The Benefits of Magnesium on a Keto Diet—And Beyond

You don’t have to be on a Keto Diet to have an appreciation for magnesium and the essential role it plays in our health. This nutritional powerhouse is one of the most abundant minerals in the body, involved in a number of reactions including protein synthesis, energy production, blood sugar control, and blood pressure regulation. Magnesium also helps to regulate nerve function (calming the mind, promoting relaxation and improving sleep), enables optimal digestion, and promotes healthy muscle function and a normal heart rhythm. Bottom line: Magnesium is vital for your body to function properly.

Causes of Low Magnesium

In spite of its strategic role in numerous body functions, magnesium is often lacking in the average American diet, which is highly processed. Your risk of an actual magnesium deficiency also increases if you are taking a diuretic medication for blood pressure or if you habitually over-consume alcohol. In addition, elevated blood glucose levels, associated with diabetes, increase the loss of magnesium in the urine, which in turn lowers blood levels of magnesium. Research has linked low levels of magnesium to insulin resistance, which often precedes the development of type 2 diabetes.

Why Magnesium is Important on a Keto Diet

If you’re new to ‘Keto’, an inadequate magnesium intake can contribute to symptoms commonly known as the ‘Keto Flu’. Magnesium is one of the minerals that can be rapidly depleted during the first few weeks on a ketogenic diet because of the increased water loss through increased urination. Along with the water that is being dumped through your kidneys, your body is also losing magnesium and other electrolytes. If you’re not eating enough magnesium to compensate for any losses, you can experience symptoms such as muscle cramps or spasms, and fatigue. A chronically low intake of magnesium can progress to a rare, but more serious deficiency exhibited by symptoms such as seizures, heart spasms and an abnormal heartbeat.

Dietary recommendations: The current Recommended Daily Allowance (RDA) for magnesium is 400-420 mg/day for men and 310-320 mg/day for women1.

30 ‘Keto-Friendly’ Food Sources of Magnesium2:

FoodAmount of Foodmg of Magnesium
Hemp seeds1 oz170 mg
Spinach, cooked1 cup157 mg
Brazil nuts1 oz107 mg
Broccoli, steamed1 cup102 mg
Sesame seeds,  roasted1 oz101 mg
Almond butter2 Tbsp90 mg
Flaxseed Meal3 Tbsp82 mg
Almonds, roasted1 oz76 mg
Sunflower seeds, roasted1 oz76 mg
Pumpkin seeds, roasted1 oz75 mg
Cashews, dry roasted1 oz74 mg
Edamame, frozen, prepared1 cup50 mg
Peanuts, roasted1 oz50 mg
Peanut butter, smooth2 Tbsp49 mg
Hazelnuts1 oz46 mg
Walnuts1 oz45 mg
Avocado, cubed1 cup44 mg
Tuna, canned, drained1 cup42 mg
Pecans1 oz39 mg
Shrimp, cooked3 oz39 mg
Tofu½ cup37 mg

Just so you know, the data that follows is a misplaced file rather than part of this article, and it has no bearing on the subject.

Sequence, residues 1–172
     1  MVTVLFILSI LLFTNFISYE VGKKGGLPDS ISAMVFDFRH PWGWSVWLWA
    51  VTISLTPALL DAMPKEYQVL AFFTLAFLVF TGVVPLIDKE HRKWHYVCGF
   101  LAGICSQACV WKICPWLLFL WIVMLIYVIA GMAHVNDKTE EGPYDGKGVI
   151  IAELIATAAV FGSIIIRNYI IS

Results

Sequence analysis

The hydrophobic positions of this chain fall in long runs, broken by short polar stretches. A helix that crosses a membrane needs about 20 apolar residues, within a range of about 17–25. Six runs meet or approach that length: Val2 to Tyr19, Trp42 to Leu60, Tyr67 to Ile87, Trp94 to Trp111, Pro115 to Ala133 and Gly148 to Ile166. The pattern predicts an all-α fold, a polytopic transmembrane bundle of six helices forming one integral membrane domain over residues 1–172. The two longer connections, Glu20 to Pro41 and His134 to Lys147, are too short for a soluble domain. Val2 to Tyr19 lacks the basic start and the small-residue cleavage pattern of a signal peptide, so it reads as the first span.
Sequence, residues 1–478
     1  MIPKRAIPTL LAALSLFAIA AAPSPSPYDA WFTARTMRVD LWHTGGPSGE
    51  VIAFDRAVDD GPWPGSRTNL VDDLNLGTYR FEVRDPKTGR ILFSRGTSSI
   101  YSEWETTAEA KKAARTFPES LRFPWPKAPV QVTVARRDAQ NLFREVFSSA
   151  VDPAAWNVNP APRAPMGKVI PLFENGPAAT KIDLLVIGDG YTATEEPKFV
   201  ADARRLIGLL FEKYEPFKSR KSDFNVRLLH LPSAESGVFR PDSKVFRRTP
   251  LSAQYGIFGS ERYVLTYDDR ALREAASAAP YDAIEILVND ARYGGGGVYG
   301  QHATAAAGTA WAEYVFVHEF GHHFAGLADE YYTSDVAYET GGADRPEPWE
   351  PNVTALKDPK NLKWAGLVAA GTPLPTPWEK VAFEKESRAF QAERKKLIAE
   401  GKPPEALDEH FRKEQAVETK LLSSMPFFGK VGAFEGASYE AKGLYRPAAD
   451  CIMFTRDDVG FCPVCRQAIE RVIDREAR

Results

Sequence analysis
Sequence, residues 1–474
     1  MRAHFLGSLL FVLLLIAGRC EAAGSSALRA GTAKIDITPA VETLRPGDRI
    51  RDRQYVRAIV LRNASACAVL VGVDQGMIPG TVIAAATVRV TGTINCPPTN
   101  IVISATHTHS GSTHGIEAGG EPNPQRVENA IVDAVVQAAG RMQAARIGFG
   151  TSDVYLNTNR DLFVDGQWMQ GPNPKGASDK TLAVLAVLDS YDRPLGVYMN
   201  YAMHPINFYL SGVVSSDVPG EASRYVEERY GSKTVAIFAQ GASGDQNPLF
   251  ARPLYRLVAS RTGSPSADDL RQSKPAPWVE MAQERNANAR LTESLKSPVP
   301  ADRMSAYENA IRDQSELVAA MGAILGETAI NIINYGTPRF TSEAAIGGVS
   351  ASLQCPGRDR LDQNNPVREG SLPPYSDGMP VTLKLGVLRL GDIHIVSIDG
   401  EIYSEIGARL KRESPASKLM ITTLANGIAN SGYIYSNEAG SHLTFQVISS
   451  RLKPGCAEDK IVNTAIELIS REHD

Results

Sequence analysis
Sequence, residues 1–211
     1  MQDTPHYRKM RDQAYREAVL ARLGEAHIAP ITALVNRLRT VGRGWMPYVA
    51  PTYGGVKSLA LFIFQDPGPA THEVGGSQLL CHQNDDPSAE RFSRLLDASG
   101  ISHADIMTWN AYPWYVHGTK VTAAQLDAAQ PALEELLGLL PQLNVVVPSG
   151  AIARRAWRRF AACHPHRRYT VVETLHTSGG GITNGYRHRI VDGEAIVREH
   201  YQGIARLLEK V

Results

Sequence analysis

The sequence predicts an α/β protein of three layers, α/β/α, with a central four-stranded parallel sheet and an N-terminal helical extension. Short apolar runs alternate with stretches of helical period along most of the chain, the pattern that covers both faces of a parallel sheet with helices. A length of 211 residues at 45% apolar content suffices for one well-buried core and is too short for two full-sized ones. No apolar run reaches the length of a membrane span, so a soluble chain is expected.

Pistachios, roasted1 oz31 mg
Scallops, steamed3 oz31 mg
Mussels, cooked3 oz31 mg
Veal, lean, cooked3 oz27 mg
Cocoa Powder1 Tbsp26 mg
Sirloin steak, cooked3 oz26 mg
Salmon, Atlantic, cooked3 oz26 mg
Spinach, raw1 cup24 mg
Chicken breast, roasted3 oz22 mg

When to Supplement

If you are ever in doubt whether to supplement with magnesium, the decision should be made with the input from your health care team. Magnesium can interfere with a number of prescription drugs, including certain blood pressure medications, statins, and antibiotics. Daily supplementation may indeed be necessary if you’re already experiencing symptoms of magnesium depletion. Magnesium supplements come in a variety of forms with varying rates of absorption. Taking a glycinate or malate form of this mineral might be better tolerated if you have a sensitive stomach, and taking any magnesium supplement with meals can also help to minimize gut distress.

Take Home Message

Whatever your motivation for choosing to go ‘Keto’ —whether to manage a chronic disease such as diabetes, for weight loss, or for increased physical and mental energy (or all of the above!)—ensuring an adequate magnesium intake should be one of your top priorities. In spite of the wide range of magnesium-rich foods that are compatible with the Keto Diet, it might still be a struggle for some to try to hit the RDA for this vital mineral. If this describes you, or if you are currently experiencing severe symptoms of the ‘Keto Flu’ (due to a lack or loss of magnesium in the body), supplementation with magnesium may provide an added benefit.

  1. NIH Office of Dietary Supplements:https://ods.od.nih.gov/factsheets/Magnesium-HealthProfessional/#h2
  2. USDA Food Composition Databases: https://ndb.nal.usda.gov/ndb/search/list?home=true
Mary Paley

Fearless Dietitian; 30+ years as a professional dietitian; Master’s Degree in Nutrition and Dietetics at the MGH Institute of Health Professions; Lead research dietitian for several major pharmaceutical companies; Currently focused on health and wellness and the benefits of ketogenic diets for both obesity and diabetes management. MS, RDN, CDE, LD/N

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